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Jim Dorey: A tough and talented Leaf

By the late 1960s, as I have discussed on this site, Punch Imlach was desperately trying to re-shape the Leafs.

The team had been in relative decline for some years, though they managed to win the Stanley Cup in a major upset in 1967.  As all teams did, Imlach lost some pieces in the expansion draft.  He brought in young players to replace the departed or departing veterans like Red Kelly, Bobby Baun, Allan Stanley, Marcel Pronovost and Bobby Pulford.

By the 1968-’69 season, relative youngsters Pete Stemkowski and Brian Conacher were gone, though Mike Walton and Ronnie Ellis were established as “young veterans” if you will.  That helped a bit up front.  And Paul Henderson had come over in the Frank Mahovlich/Stemkowski trade.

Imlach had tried Duane Rupp on defense, but that didn’t quite work.  Tim Horton was slowing down (though he continued to play for several more seasons after that one), Stanley was gone by then and so was Larry Hillman.  The defense needed young blood, and among those on the way up were Rick Ley and Jim McKenny.

But the guy who made the most dramatic impact that season was young Jim Dorey.

Dorey had come up through junior hockey hotbeds of Niagara Falls and London.  He was actually “drafted” by the Leafs in 1964, such as the draft existed in those days.  He played in the usual Toronto minor league outposts Rochester and Tulsa and made the big club (after some rugged play in pre-season) in the fall of 1968.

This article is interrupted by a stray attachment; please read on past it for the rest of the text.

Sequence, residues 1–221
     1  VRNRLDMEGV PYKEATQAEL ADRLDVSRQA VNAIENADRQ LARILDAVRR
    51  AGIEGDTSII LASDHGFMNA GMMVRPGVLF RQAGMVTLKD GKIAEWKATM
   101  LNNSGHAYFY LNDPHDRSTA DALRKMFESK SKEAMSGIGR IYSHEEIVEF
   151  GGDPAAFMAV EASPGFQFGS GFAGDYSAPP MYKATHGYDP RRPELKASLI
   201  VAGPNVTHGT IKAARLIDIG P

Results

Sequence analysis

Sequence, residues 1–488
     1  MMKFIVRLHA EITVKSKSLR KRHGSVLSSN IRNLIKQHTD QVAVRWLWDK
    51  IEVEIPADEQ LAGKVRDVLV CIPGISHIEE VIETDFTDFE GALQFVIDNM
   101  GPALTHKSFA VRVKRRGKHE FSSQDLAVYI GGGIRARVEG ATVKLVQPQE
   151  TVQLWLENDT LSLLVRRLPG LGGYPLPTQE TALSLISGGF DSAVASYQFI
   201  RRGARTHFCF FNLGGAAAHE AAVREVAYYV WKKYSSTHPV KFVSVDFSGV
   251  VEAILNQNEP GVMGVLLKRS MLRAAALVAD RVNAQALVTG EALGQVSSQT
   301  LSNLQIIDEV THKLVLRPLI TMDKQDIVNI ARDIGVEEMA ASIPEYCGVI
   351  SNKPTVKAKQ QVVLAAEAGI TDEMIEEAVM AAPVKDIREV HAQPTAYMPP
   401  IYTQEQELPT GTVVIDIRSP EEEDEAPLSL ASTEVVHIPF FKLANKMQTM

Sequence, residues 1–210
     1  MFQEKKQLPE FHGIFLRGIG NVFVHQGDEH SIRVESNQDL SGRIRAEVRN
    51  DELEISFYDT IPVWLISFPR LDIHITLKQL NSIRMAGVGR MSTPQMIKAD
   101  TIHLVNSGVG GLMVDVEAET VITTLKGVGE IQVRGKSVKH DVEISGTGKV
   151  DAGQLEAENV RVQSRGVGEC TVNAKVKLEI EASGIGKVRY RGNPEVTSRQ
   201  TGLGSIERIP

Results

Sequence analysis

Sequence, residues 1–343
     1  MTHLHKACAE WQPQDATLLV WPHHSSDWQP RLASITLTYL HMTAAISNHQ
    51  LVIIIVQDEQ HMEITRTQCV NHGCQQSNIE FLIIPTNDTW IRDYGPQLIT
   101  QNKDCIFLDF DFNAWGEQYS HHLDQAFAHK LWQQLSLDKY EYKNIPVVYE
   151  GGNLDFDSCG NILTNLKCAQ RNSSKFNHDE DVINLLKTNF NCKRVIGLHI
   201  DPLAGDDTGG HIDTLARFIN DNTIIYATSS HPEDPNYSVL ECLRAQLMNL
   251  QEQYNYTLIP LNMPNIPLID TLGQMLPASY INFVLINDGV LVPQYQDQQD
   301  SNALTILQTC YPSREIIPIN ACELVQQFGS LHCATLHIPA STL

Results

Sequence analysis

Dorey made a rather dramatic first impression early that season in a game at the Gardens against Pittsburgh.  (Listen to our audio interview with Jim as he recalls the details of that night.).  He soon earned a spot in the heart of Leafs fans because he was fearless and would take on all comers.

Dorey was a good skater.  He could hit- and fight.   I liked how he played and thought he had a lot of talent.  As I was preparing for our interview, I looked up his “numbers” and saw that he had strong offensive numbers in his almost 4 full seasons in Toronto and also in his WHA career. Dorey amassed 99 points in only 232 NHL regular-season games, and another 284 points in 431 WHA games (while winning championships with New England and Quebec).  Those are solid offensive statistics, particularly for a defenseman remembered primarily for his toughness.

As a young Leaf fan at the time, I was really disappointed when Dorey was traded to the Rangers for Pierre Jarry before the deadline during the 1971-’72 NHL season.  I liked what Dorey brought to the club and thought they would miss his passion.  They did.

He was a guy who I had hoped would have a long career as a Leaf. But after his brief stay in New York, he was offered a great opportunity to sign in the WHA with New England, and played the rest of his career in the new league.

The current Leafs are looking for guys who will play hard consistently, every night. They could use a Jim Dorey, who gave everything he had every shift.

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